UN intensifies campaign against female genital mutilation

** ADVANCE FOR FRIDAY, MAY 25 ** A Masai girl holds a protest sign during the anti-Female Genital Mutilation (FGM) run in Kilgoris, Kenya, April 21, 2007. At least 2 million girls every year are at a risk of undergoing FGM. The cut, which is generally done without anesthesia may have lifelong health consequences. (AP Photo/Sayyid Azim)


By Lerato Ndlovu


The UN General Assembly designated February 6th as the International Day of Zero Tolerance for Female Genital Mutilation, with the aim to amplify and direct the efforts on the elimination of this practice.


This year celebrating its 9th anniversary under a joint program for the elimination of the female genital mutilation UNFPA-UNICEF and the Inter-African Committee on Traditional Practices (IAC) jointly launch the 2021 theme: “No Time for Global Inaction, Unite, Fund, and Act to End Female Genital Mutilation.” 


During the Covid-19 pandemic there has been an increase in the female genital mutilation.
Female genital mutilation (FGM) comprises all procedures that involve altering or injuring the female genitalia for non-medical reasons and is recognized internationally as a violation of the human rights, the health and the integrity of girls and women.


Girls who undergo female genital mutilation face short-term complications such as severe pain, shock, excessive bleeding, infections, and difficulty in passing urine, as well as long-term consequences for their sexual and reproductive health and mental health.


In 2020, the COVID-19 pandemic negatively and disproportionately affected girls and women, resulting in a shadow pandemic disrupting SDG target 5.3 on the elimination of all harmful practices including, female genital mutilation. UNFPA estimates additional 2 million girls projected to be at risk of undergoing female genital mutilation by 2030. 


In an article, UN Women said “In many communities, early marriage and FGM go hand-in-hand because they believe that cutting a girl increases her marriageability. Over 200 million women and girls alive today in 31 countries have undergone genital mutilation, although small-scale studies, media reports and anecdotal evidence suggest FGM may be present in more than 90 countries.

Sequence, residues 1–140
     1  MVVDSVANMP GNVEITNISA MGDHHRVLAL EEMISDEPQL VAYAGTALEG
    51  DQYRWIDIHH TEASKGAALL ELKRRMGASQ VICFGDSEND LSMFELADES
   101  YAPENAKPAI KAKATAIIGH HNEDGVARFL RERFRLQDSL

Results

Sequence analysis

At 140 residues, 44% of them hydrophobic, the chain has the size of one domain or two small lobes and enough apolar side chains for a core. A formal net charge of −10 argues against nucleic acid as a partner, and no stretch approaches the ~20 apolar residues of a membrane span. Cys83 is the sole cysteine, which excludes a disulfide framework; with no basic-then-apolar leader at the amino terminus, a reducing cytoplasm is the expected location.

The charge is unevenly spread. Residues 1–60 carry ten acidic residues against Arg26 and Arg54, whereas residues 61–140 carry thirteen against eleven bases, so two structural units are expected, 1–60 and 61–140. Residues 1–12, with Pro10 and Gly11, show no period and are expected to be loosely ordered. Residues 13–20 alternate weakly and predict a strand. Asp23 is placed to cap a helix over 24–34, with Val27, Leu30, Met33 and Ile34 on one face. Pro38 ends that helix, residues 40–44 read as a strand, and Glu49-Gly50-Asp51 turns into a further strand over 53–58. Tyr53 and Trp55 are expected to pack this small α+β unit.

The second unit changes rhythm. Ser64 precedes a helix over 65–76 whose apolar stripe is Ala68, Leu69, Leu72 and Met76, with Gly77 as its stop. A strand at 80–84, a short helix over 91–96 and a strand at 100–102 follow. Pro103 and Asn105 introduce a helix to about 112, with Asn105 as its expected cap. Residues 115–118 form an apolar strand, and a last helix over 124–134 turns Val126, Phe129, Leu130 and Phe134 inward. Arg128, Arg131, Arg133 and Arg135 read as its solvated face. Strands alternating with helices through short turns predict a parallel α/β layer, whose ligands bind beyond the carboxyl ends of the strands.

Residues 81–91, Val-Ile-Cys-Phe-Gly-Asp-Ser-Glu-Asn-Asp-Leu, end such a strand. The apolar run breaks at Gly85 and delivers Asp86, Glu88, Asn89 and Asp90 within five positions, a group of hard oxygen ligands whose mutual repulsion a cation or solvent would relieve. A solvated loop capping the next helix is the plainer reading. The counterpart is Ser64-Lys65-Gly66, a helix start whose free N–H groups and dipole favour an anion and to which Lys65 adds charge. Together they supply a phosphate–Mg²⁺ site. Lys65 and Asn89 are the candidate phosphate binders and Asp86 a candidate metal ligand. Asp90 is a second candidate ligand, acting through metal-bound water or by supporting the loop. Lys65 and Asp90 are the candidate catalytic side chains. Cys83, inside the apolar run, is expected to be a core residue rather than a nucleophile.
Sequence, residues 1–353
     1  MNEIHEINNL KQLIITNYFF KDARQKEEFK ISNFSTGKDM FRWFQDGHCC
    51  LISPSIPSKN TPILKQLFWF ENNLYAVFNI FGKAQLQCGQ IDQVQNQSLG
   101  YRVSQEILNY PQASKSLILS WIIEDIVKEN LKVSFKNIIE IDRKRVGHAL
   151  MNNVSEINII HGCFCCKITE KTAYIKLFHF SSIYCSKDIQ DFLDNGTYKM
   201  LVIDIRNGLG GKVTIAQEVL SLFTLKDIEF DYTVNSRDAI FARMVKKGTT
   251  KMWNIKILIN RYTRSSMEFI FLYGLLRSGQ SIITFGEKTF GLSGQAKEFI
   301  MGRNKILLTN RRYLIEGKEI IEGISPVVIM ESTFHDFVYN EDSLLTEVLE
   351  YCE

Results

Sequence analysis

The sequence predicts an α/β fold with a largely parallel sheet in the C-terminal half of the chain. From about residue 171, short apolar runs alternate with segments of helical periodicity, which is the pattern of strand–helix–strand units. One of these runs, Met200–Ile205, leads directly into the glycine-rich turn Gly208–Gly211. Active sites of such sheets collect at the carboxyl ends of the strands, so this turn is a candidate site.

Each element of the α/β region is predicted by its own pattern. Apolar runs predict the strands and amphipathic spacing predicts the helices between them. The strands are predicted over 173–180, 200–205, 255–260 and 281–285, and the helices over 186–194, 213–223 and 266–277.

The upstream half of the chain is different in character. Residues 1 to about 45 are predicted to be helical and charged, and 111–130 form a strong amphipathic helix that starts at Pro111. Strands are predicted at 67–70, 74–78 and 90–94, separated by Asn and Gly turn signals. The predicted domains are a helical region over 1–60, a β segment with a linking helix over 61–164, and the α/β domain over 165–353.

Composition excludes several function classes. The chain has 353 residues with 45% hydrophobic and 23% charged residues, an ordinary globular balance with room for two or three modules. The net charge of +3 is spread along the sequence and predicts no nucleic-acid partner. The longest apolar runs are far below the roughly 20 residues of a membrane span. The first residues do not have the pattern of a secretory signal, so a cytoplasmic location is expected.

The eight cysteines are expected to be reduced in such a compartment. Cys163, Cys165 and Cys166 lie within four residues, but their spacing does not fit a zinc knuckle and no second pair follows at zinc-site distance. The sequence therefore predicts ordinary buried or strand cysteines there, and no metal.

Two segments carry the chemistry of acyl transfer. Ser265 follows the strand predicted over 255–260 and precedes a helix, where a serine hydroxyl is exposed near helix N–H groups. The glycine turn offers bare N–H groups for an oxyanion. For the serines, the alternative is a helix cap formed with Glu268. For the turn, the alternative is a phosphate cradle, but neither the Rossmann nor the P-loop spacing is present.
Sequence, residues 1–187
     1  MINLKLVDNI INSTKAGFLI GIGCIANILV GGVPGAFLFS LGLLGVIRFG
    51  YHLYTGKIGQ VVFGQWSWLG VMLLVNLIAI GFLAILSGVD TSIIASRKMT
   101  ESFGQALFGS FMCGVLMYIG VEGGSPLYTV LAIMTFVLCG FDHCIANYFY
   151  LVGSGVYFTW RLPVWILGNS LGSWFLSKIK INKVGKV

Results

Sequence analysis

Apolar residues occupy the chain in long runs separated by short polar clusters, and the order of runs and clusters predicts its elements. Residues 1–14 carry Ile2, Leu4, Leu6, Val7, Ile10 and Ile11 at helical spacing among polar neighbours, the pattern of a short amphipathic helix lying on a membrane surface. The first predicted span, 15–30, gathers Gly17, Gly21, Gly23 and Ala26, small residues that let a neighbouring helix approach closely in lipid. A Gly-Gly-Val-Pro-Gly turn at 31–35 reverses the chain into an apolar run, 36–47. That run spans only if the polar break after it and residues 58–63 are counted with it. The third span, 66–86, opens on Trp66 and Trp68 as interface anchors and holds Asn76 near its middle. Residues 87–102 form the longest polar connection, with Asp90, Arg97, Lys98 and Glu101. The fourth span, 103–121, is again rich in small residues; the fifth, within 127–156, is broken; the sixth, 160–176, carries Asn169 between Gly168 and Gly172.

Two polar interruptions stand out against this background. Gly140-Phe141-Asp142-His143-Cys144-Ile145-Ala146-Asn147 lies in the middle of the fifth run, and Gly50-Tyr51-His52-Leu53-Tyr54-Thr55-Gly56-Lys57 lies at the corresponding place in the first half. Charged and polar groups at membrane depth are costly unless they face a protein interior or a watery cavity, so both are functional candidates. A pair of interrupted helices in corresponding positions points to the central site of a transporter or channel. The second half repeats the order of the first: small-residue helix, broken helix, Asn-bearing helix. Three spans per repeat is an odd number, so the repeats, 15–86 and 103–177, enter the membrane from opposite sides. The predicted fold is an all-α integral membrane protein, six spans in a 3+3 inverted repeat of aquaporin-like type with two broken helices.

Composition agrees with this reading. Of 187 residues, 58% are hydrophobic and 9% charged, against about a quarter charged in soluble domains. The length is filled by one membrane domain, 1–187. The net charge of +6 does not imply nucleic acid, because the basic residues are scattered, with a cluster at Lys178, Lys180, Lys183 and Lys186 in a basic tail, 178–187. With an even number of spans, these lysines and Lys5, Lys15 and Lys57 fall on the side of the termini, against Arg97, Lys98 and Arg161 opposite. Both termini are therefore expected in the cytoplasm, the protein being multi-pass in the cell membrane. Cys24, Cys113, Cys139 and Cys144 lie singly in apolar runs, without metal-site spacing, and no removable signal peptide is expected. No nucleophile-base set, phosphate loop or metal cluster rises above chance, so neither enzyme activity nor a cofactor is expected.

“In 2021, 4.16 million girls and women around the world are at risk of genital mutilation. What’s more, because of COVID 19 disruptions, there could be as many as 2 million additional cases of FGM by 2030 that would otherwise have been averted”.


To promote the elimination of female genital mutilation, coordinated and systematic efforts are needed, and they must engage whole communities and focus on human rights, gender equality, sexual education and attention to the needs of women and girls who suffer from its consequences.

UN Women further stated that continuing the campaigns against female genital mutilation is more important than ever now that the effects of the COVID-19 pandemic are threatening livelihoods and increasing financial vulnerabilities, contributing to the risk of backsliding on important progress in gender equality.


“Compared to three decades ago, girls today are one third less likely to undergo FGM, but the COVID-19 pandemic appears to be increasing the practice. Not only is it limiting our scope for critical prevention work, but many traditional cutters who are badly in need of an income during the economic downturn have started again, approaching families directly, door to door, in search of work. Without action, by 2030 we could see as many as 2 million FGM cases that could otherwise have been avoided.


“Data from UN Women and the United Nations Development Programme (UNDP) show that the crisis will push 96 million people into extreme poverty by 2021, something which can lead to FGM and child marriage being used as negative coping mechanisms to ease extreme physical and financial uncertainty. Girls from the most marginalized groups will be at even higher risk of FGM and child marriage. 


“Pandemic-related school closures provide increased opportunities for FGM to be undertaken on girls at home, which only heightens the risk of health complications as well as the transmission of COVID-19. With the crisis putting 11 million girls at high risk of never returning to school, future generations of uneducated women are more likely to support the continuation of the practice.”


“This International Day of Zero Tolerance for FGM is a moment to lead change wherever we have a voice and influence; to fund the approaches we know work and support women’s organizations to do so; to demand accountability for community and state actions; to provide essential support for health and social services for survivors of FGM; and to listen to the voices of adolescent girls and young women, and make it possible for them to decide on what happens to their own lives and bodies,” it read.


The United Nations calls on the global community to reimagine a world that enables girls and women to have voice, choice, and control over their own lives.


This year the celebrations will be held virtually with the tag #Act2EndFGM.